1. Shop-Floor Level:
Shop-floor level of participation, in some form or the other, is the most popular. At this level, shop-floor committees or councils are constituted with representatives from management and workers to take up the matters concerning a particular shop. Usually, such matters are of routine nature.
2. Plant Level:
The second level at which participation can occur is the plant. The assumption in plant level participation is that an enterprise is made up of several plants and there is in effect a distinction between shop floor, plant, and enterprise. For example, ACC Limited has eleven plants located in different geographical areas of the country.
Similarly, Tata Motors has three plants at three different places. Where an enterprise has a single plant, this intermediate level of participation is not needed. Usually, at the plant level, such matters are dealt which have relevance for all shop floors and cannot be solved or taken up at shop floor level.
3. Enterprise Level:
An enterprise consisting of several plants, participation is required at the enterprise level. This can be taken up in the form of management committees for the purpose or may be in the form of representation of workers at the level of Board of Directors. The matters which are discussed and settled at this level are related to all plants.
Participation at this level is required to maintain parity in the practices adopted at different plants and to set guidelines in respect of these practices.
Levels of Participation of Workers – Top 5 Levels
According to the social scientists, workers’ participation in management is the best technique for utilization of human resources. It not only increase workers’ productivity but also encourage, for achieving social justice. Thus, it is welcomed at all levels. Workers’ feel satisfied when decisions are taken with their participation directly or indirectly. They feel part and parcel of the organisation.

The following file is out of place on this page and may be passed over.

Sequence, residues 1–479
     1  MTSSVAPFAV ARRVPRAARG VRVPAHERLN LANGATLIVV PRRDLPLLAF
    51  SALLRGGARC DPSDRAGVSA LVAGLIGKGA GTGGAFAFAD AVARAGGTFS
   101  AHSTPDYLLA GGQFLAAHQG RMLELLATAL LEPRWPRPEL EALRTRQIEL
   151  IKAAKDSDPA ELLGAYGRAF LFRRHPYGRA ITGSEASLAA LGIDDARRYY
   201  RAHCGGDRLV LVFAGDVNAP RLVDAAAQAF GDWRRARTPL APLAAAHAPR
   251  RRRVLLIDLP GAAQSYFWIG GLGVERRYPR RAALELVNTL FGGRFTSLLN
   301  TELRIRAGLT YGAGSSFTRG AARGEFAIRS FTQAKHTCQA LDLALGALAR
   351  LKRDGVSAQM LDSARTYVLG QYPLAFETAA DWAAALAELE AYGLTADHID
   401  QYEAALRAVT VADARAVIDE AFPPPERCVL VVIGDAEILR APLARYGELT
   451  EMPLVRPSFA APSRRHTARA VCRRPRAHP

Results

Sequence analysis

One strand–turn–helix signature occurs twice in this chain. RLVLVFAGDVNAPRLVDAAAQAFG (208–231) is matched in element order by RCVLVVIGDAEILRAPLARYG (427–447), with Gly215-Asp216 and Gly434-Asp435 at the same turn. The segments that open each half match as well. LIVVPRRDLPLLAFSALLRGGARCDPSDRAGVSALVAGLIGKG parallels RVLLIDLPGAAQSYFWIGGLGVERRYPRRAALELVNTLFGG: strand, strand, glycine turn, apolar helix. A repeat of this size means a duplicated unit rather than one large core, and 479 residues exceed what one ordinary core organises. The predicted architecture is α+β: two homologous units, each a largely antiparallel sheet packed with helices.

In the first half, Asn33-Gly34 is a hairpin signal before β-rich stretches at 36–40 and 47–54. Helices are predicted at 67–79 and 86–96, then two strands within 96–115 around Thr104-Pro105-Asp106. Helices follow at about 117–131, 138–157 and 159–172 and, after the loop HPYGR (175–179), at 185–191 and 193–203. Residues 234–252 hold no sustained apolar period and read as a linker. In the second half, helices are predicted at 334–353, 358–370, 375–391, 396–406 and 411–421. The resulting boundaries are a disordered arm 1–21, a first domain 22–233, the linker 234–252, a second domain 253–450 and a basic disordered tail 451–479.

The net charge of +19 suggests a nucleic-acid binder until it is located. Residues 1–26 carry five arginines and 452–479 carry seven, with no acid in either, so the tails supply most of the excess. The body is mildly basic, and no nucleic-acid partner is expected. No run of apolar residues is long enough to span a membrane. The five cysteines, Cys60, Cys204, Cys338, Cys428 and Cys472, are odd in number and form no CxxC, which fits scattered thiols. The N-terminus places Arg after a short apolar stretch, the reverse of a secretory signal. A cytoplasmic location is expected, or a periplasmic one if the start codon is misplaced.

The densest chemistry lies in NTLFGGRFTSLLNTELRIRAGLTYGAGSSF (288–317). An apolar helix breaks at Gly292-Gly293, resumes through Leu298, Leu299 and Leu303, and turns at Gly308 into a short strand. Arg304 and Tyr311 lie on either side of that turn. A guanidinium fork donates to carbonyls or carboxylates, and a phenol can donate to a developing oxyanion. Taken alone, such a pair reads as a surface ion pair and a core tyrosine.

It is also a right of the workers’ Participation has like a tonic which effect on the psychology-of an employee.
There are five levels of participation which are discussed below:
(1) Administrative Participation:
In the administrative participation, decision is taken and the council is given the right to choose the method of implementing it. This allows worker’s more autonomy in exercising administrative and supervisory powers in respect of welfare measures, safety and operation of vocational training and preparation of work schedules.
(2) Decisive Participation:
Here decisions are taken jointly. This is the highest form of participation where all economic, financial and administrative matters are brought under the scrutiny of the councils.
(3) Consultative Participation:
Here the workers’ are consulted with the management regarding the matter and the final decision has goes to the management.
(4) Informative Participation:
In the informative participation, workers provided information regarding future expansion plans, production figures, balance sheet, economic condition etc. Workers have no right to scrutinize the information r provided by the management.
(5) Associative Participation:
The management accepts the suggestions of the council and implement the unanimous decision taken by it.
Participation of workers’ in the Management not only protects the interests of workers’ or management, but also acts as a system of checks and balance on both groups.
Participation involves the following steps:
(1) Ascertain the objectives, functions and scope of the committee set up for participation.
(2) Fix the number of member participant from each side.
(3) Decide the quorum and frequency of meeting.
(4) Specify the agency framework and the agenda for meeting.
(5) Establish the procedure for giving notice of meetings.
(6) Decide the agency that records, the minutes of meeting circulate them, and monitor follow up action.
(7) Decisions implemented or otherwise should be discussed in meeting and corrective actions taken accordingly.
(8) The decision of the committee must be binding on concerned parties.
Levels of Participation of Workers (With the Functions)